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Training farmers as extension workers boosts farm yields 200%

Performance difference in maize planted in basins vs Conventional planting in Busia County (Photo Courtesy:FIPS Kenya)

Through the pioneering use of professionally trained farmers known as Village Based Advisors (VBAs), Farm Input Promotions Africa (FIPS) Ltd, a Kenyan nonprofit founded in 2003, is disseminating critical agricultural information that is increasing farmer yields by 30 to 200 per cent depending on the crop, farming system, and context.

This is securing the food and financial security of millions of smallholder farmers across Kenya.

Death of Extension Services and How VBAs are Filling the Gap

According to CBK’s March 2023 Agriculture Sector Survey, contrary to the past, most farmers attest to having not been visited by extension officers. Kenya currently has about one extension worker for 5,000 farmers against the ideal figure of 1:500. This has contributed to a lack of information on good agricultural practices leading to low yields for smallholder farmers.

“VBAs are lead farmers who are connected, respected, and trusted in their communities. They are elected by fellow farmers, trained, and used to mobilise, teach and follow up on the adoption of modern farming practices by farmers,” said FIPS founder Dr. Paul Seward.

FIPS has trained 700 VBAs in Kenya, 1200 VBAs in Tanzania, and 250 VBAs in Mozambique. The program which has also been adopted by the Alliance for a Green Revolution (AGRA) has reached over a million farmers in East Africa at the grassroots level.

FIPS’s Coast Programme

As an example, FIPS Africa’s Coast Programme through funding from the Seeds of Change Foundation has had a transformative impact on 84,000 farmers in Kwale and Kilifi Counties.

Introducing improved seed varieties

Through partnerships with KALRO and private seed manufacturers, VBAs distribute free small packs, typically containing 25 -100 gram seeds of an improved crop variety for farmers to grow on their farms.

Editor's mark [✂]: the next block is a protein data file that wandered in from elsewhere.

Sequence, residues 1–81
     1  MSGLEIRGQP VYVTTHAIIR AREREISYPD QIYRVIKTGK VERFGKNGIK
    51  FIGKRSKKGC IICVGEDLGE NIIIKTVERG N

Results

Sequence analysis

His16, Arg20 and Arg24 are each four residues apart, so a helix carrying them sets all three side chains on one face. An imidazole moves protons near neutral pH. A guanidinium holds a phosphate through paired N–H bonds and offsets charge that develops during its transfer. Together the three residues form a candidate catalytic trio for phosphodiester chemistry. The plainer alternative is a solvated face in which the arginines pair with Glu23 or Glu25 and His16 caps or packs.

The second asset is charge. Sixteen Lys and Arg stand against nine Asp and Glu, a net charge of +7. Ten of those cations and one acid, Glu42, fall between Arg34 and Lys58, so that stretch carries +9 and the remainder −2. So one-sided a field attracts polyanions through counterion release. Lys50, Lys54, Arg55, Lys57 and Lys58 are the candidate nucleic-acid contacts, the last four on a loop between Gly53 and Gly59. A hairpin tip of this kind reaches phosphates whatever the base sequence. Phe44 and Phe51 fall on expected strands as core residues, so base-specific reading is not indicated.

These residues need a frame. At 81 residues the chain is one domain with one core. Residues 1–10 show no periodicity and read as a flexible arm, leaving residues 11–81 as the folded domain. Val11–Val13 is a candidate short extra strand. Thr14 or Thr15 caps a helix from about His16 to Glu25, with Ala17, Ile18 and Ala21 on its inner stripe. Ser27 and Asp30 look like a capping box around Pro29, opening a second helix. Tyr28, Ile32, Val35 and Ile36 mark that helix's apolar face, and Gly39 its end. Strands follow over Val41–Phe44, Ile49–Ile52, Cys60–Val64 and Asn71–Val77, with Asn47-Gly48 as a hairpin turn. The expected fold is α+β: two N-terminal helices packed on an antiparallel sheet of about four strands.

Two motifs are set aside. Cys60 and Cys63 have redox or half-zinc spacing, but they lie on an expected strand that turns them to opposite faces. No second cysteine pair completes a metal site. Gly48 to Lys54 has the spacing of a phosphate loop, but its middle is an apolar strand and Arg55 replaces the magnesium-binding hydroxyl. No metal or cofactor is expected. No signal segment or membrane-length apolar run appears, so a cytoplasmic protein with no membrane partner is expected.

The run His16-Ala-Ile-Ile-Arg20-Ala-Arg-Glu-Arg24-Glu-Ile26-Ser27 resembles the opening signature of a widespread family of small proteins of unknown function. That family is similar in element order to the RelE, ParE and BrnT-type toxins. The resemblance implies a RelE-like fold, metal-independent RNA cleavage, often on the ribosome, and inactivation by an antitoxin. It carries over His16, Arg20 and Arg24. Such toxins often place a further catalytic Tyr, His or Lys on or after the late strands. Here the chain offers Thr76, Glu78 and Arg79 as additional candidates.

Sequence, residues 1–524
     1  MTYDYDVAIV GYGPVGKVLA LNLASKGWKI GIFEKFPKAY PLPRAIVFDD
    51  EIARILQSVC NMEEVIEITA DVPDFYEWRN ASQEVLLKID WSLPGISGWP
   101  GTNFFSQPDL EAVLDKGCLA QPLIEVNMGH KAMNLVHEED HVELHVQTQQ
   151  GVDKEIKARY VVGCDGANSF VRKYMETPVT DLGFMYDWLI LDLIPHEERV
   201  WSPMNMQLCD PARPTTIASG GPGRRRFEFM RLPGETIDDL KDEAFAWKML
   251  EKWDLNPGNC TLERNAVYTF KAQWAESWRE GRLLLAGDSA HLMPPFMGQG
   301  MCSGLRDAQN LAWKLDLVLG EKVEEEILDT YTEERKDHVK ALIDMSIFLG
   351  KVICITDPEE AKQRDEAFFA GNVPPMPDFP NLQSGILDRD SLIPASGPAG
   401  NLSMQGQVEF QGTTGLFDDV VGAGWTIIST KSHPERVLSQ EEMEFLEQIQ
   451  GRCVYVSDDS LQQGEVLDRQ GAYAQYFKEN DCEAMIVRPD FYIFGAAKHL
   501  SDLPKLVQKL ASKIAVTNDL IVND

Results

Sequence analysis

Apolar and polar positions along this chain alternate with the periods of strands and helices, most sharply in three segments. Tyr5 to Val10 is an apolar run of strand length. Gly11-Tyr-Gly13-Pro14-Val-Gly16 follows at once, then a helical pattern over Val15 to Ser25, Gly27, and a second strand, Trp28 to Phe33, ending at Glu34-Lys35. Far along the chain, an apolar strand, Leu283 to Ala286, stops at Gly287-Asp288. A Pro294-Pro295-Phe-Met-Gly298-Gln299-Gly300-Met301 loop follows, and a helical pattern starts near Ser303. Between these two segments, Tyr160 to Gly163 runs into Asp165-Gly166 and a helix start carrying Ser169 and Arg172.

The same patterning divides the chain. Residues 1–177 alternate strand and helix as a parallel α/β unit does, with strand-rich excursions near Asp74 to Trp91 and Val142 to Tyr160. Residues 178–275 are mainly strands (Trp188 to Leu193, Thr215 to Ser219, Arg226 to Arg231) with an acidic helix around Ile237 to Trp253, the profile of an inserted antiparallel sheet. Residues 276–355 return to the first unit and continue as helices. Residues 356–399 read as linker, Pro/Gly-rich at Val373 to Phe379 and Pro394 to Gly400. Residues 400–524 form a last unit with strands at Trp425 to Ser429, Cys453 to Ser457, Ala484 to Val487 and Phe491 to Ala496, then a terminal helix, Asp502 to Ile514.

Examples for coastal farmers include Western Seed’s low-altitude Haraka WH101 and WH301 maize varieties which are fast-growing and drought-tolerant. KALRO-bred green grams; Karembo, N6, and Biashara which farmers can harvest and regrow over a larger area. KAT B1 and the nitrogen-rich Nyota bean variety, also bred by KALRO, as well as KALRO’s M66 cowpeas among others.

After trialling the seeds on their farms Paul says, farmers can make an informed decision on what to grow.

Innovative growing methods

The VBAs also school farmers on innovative best practices that maximise their yield potential. Examples in coastal counties include basin planting as opposed to conventional growing methods. These are able to improve water and manure capture as well as reduce instances of pest attacks.

“Incorporation of Wondergro–a fast-acting lime soil conditioner, which many farmers have affectionately branded Miujiza, has had remarkably positive outcomes for farmers in the Coast as well as Kenya’s coffee growing belt,” Paul informed.

The soil amendment agent improves the soil’s physical qualities and fertility allowing it to better provide nutrition for plants. Farmers are especially finding great success using it together with manure in the planting of fruit trees. “Through this planting method, we have seen some of our farmers who grow Solo Sunrise and Malkia F1 Papaya varieties sourced from KALRO Matuga’s nursery harvest up to 100 fruits per tree yearly which they sell at Sh50 a fruit which is big money for our farmers.”

The VBAs also educate farmers on post-harvest storage; they have had great success with the use of Kensil Guard– a diatomaceous earth insecticide dust used in organic grain preservation. Poultry keeping; farmers are sensitized to the benefits of improved poultry varieties that mature in just five months compared to local breeds which take a year. They also offer poultry vaccination services, especially against the dreaded Newcastle, locally known as ‘Kideri’ disease.

The VBAs also pool farmers together to source for tractor tilling services at a discount as well as in the digging of basins on each of their farms which can be physically demanding practice for an individual farmer.

Future Projects

The trainee farmers are working with FIPS to pilot a coconut aggregation program to supply East Africa’s leading producer of coconut products Kentaste. Through VBAs the NGO has developed links with off-takers to pilot an experimental chicken butchery programme this month. “There is a paucity of a reliable supply of kienyeji chicken meat to suppliers with most of them only having access to broiler meat in coastal Kenya. We hope to meet this gap in the market,” explained Paul.

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